Recovery patterns over 4 years after distal radius fracture: Descriptive changes in fracture-specific pain/disability, fall risk factors, bone mineral density, and general health status
Journal of Hand Therapy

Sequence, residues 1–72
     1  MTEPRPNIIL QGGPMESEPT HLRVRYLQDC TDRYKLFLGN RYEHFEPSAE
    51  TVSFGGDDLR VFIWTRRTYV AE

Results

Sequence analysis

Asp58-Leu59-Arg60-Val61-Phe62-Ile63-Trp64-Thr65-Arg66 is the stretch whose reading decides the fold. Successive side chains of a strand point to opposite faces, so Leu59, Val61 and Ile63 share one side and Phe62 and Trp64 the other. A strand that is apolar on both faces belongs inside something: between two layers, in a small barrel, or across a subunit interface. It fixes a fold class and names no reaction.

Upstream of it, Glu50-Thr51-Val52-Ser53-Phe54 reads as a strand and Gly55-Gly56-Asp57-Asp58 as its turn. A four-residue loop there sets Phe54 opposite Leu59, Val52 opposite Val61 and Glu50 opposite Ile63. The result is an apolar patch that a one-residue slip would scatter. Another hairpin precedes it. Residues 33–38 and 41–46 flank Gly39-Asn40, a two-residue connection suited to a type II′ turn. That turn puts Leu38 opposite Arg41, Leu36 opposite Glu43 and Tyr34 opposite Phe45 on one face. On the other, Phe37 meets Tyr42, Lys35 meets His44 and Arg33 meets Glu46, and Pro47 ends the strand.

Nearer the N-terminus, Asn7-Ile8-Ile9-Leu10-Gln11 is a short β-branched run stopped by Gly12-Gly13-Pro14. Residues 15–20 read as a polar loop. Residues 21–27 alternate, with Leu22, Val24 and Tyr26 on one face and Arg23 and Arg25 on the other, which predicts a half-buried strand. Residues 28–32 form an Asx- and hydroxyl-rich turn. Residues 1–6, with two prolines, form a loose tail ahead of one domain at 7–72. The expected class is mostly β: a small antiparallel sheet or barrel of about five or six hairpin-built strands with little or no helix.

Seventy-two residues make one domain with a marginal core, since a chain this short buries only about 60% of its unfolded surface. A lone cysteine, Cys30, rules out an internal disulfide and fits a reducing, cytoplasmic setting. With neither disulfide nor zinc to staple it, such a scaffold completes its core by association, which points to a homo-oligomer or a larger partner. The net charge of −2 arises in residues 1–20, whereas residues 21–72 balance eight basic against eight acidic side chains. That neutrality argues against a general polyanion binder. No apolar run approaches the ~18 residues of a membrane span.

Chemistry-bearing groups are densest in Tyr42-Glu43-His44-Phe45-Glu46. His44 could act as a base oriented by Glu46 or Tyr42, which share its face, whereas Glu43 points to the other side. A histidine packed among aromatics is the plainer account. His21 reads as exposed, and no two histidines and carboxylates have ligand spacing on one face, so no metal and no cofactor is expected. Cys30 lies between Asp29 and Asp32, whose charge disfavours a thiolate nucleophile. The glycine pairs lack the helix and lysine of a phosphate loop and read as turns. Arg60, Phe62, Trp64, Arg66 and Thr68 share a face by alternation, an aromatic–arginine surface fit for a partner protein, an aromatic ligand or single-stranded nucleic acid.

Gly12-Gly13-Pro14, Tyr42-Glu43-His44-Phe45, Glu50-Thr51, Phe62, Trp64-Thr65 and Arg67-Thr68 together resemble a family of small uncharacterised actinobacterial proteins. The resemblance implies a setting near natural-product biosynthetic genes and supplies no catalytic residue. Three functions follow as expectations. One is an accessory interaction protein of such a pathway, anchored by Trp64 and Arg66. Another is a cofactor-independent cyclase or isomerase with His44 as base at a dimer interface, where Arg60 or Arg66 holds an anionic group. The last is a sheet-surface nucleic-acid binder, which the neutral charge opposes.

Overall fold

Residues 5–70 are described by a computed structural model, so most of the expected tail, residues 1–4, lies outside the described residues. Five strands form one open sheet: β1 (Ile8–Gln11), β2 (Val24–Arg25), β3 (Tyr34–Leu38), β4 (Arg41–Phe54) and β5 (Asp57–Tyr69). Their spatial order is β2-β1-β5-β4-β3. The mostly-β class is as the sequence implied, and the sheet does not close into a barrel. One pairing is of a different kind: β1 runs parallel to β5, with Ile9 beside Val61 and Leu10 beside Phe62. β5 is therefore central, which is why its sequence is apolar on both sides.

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© 2017 Hanley & Belfus Study Design: Descriptive/Longitudinal cohort. Introduction: Distal radius fracture (DRF) is a common fall related fragility fracture that is known to be an early and independent predictor of secondary osteoporotic (OP) fractures. Changes in falls risk status, bone status and general health has not been evaluated prospectively in a population that has sustained a DRF. Purpose of the Study: The purpose of our study was to describe the status of fracture-specific pain/disability, fall risk factors such as physical activity (PA) and fear of falling (FOF), bone mineral density (BMD) and general health status (HS) in people with a DRF and how these variables change over four years with respect to sex, age, incidence of secondary falls and secondary OP fractures. Methods: Patients (n = 94) self-reported their fracture-specific pain and disability (Patient-Rated Wrist Evaluation), PA (Rapid Assessment of Physical Activity), FOF (Modified Fall Efficacy Scale), HS (12-item Short Form Health Survey) and completed dual-energy X-ray absorptiometry scan based BMD assessment (lumbar spine and total hip) at baseline (1-2 weeks post-fracture), six months and four years after DRF. Descriptive statistics and general linear models were used to describe changes in recovery patterns over four years. Results: There was significant (p<0.001) improvement in fracture-specific pain/disability (60 points), FOF (1 point) and physical HS (11 points) between baseline and 4 year follow-up. There were no significant changes in PA and BMD. When stratified with respect to age, sex, presence of subsequent falls and OP fractures, there were no significant differences in fracture-specific pain/disability, PA, FOF, and BMD at baseline, six months or four years after DRF. The physical HS was significantly (p<0.05) less/poorer among those with secondary falls (lower by 2-6 points) and fractures (lower by 5-6 points) compared to those without. Similarly, mental HS was significantly (p<0.05) poorer among people with secondary falls (lower by 2-6 points) and in 50-64 year age group (lower by 3-5 points) than those without secondary falls and in 65-80 year age group, respectively. Conclusion: Post DRF, the majority of the improvement in fracture-specific pain/disability, FOF and HS was completed at six months and very small changes were observed between the six month and four year follow-up. Level of Evidence: NA.